Preventing FMLA Abuse: Why Call-In Policies Are a Good Idea

By Styskal, Wiese & Melchione

As you know, the federal Family and Medical Leave Act, or FMLA, confers a number of rights upon eligible employees who take time off from work for medical or other protected reasons. One such entitlement under the FMLA is the right to take intermittent leave, or protected time off in separate blocks.

This right should not be construed to mean that employees can take time off at their whim, or leave your management in the dark about their anticipated date of return. Under the FMLA regulations, employees must provide at least 30 days’ notice when the need for leave is foreseeable, or if the need for leave is not foreseeable, then notice must be given at least as soon as is practicable. Employees should also, perhaps with the assistance of their healthcare provider, be able to provide the credit union with an expected date of return.

Your credit union should strive to enforce these notice requirements for its employees requesting leave under the FMLA.

Another useful strategy is to maintain and enforce a written Call-In Policy, which requires employees to report periodically on their status and intent to return to work. These types of policies generally require employees on an indefinite sick leave (or any sick leave) to “call in” to their manager, or to HR, before the start of every shift to report their absence for the day. If the call comes in before business hours, the policy could require the employee to a voice mail message. Some policies permit employees to arrange with management to “call in” on a weekly basis, depending on the situation. Such a policy may also state that a certain amount of time (e.g., 3 consecutive days) without notice will be considered to be a resignation of employment.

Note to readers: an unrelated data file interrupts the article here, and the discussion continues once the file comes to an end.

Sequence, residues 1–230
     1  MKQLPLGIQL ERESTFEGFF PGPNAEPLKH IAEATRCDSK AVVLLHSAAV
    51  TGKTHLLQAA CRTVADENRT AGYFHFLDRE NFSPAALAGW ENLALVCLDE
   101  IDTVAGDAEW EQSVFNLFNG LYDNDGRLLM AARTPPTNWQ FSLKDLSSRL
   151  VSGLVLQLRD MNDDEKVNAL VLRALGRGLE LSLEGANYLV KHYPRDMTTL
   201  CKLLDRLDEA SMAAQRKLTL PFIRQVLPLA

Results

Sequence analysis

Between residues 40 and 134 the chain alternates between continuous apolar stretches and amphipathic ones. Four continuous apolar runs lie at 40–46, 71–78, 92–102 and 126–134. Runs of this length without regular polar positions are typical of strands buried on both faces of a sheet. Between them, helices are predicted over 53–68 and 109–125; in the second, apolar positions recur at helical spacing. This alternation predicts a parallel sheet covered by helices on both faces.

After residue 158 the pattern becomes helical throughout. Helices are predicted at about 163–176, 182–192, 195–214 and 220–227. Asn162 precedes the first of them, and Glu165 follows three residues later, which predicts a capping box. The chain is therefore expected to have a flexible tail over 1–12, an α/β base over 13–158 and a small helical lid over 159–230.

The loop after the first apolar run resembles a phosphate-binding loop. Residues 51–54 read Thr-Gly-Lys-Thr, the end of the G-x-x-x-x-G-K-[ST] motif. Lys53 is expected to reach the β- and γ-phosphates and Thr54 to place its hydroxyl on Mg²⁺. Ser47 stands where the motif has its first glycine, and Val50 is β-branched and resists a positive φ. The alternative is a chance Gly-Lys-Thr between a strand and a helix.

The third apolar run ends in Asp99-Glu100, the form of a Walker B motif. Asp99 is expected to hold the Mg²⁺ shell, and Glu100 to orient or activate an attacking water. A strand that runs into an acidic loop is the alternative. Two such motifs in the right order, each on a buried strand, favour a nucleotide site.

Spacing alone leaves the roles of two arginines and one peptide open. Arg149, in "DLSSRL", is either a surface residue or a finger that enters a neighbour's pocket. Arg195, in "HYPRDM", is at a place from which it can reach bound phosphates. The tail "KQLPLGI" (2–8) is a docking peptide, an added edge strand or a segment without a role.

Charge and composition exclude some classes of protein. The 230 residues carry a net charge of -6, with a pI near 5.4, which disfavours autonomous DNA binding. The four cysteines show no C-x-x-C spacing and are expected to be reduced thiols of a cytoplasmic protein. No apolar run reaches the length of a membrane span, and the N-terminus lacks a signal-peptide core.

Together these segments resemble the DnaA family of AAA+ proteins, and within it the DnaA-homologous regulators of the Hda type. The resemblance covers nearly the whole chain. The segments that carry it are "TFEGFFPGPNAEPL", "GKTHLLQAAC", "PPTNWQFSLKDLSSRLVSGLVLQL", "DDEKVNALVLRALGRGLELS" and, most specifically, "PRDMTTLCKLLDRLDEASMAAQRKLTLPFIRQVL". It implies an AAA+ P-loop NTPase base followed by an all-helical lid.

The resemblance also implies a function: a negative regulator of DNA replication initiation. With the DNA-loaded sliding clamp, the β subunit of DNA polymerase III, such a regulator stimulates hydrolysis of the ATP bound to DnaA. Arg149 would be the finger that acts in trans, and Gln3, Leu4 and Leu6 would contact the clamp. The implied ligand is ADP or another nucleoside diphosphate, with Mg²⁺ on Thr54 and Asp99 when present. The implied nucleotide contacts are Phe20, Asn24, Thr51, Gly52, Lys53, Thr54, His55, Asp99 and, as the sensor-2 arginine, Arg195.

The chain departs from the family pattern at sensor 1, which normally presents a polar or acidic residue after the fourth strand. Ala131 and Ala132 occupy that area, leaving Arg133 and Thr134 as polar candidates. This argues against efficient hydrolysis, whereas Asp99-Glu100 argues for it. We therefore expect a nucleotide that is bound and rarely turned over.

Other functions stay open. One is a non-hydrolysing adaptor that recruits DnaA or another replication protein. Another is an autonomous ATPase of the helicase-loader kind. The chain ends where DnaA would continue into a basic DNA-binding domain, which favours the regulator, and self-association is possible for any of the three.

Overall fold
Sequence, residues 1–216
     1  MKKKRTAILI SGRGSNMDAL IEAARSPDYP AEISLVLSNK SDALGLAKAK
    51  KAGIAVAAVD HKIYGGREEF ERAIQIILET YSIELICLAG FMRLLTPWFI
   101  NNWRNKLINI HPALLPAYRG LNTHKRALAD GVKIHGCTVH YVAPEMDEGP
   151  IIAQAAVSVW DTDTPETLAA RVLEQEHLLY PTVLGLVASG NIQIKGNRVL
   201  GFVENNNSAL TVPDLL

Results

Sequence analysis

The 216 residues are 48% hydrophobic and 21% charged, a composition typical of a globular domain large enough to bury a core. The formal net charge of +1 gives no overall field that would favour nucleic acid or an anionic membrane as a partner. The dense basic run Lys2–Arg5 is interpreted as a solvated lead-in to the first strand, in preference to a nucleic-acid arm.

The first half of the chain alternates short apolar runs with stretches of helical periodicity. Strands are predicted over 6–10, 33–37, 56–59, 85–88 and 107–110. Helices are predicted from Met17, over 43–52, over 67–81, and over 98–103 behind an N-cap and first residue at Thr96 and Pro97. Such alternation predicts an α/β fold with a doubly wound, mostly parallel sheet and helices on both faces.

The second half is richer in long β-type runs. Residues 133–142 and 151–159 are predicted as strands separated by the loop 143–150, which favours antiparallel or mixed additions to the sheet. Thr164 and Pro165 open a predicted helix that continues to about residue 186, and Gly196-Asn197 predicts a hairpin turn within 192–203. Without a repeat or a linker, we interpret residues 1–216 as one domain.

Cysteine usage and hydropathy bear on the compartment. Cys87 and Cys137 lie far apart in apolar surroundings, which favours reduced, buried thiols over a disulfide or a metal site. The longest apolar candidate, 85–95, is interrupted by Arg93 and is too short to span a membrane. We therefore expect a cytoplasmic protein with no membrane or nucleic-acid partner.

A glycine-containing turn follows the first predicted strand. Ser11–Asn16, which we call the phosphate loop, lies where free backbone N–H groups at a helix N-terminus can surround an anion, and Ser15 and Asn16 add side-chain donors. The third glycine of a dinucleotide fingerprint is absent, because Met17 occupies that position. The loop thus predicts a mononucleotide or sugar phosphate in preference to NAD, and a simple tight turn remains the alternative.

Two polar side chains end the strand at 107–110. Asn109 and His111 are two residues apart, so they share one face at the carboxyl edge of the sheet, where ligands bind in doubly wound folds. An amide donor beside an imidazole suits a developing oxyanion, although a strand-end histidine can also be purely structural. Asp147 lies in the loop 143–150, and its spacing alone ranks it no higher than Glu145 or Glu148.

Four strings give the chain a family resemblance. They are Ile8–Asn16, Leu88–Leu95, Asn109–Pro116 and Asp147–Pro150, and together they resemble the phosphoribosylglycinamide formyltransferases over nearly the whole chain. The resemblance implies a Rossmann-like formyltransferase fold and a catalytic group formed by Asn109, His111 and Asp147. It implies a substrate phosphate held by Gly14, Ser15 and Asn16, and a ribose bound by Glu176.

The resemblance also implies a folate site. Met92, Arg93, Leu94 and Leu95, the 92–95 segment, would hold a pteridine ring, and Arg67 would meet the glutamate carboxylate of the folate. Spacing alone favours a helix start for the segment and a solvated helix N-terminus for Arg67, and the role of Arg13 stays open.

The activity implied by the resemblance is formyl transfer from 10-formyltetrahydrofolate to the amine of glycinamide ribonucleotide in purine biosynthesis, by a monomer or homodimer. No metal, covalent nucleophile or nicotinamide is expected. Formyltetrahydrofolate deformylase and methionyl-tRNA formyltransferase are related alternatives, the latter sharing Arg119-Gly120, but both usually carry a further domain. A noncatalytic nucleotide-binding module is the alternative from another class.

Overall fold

This type of policy, if consistently enforced, can help our clients control the potential abuse of FMLA leave in a number of ways. First, employers have to be able to determine whether a leave actually qualifies for FMLA protection, which requires communication with the employee. A Call-In Policy like the one described above helps provide opportunities for such communication. An employee who ignores the policy and does not respond to management’s reasonable inquiries about the need for leave may lose the right to FMLA protection.

Additionally, being under FMLA protection does not mean that employees can ignore their employers’ usual and customary policies for reporting absences and seeking leave. Generally speaking, employees who violate a consistently-applied written policy may be subject to discipline (of course, unusual circumstances should be treated appropriately).

Another related “best practices” measure, which we recommend when employees take time off which may be FMLA-qualifying but fail to call in, is to make concerted (and documented) efforts to contact the employee. Phone calls or emails from a supervisor can demonstrate the credit union’s attempt to gather necessary information where the employee has not been forthcoming. Ambiguous requests for leave will not be granted FMLA protection where it is the employee who fails to meet his or her obligations.

Of course, as stated above, all policies should be evenly enforced, and credit unions should take care in their interactions with employees not to chill or discourage the use of FMLA time. Generally, a useful rule of thumb is that credit unions should not treat employees on FMLA leave differently than employees out for non-protected medical leaves. If you have questions relating to any specific situation, our office is available to help.

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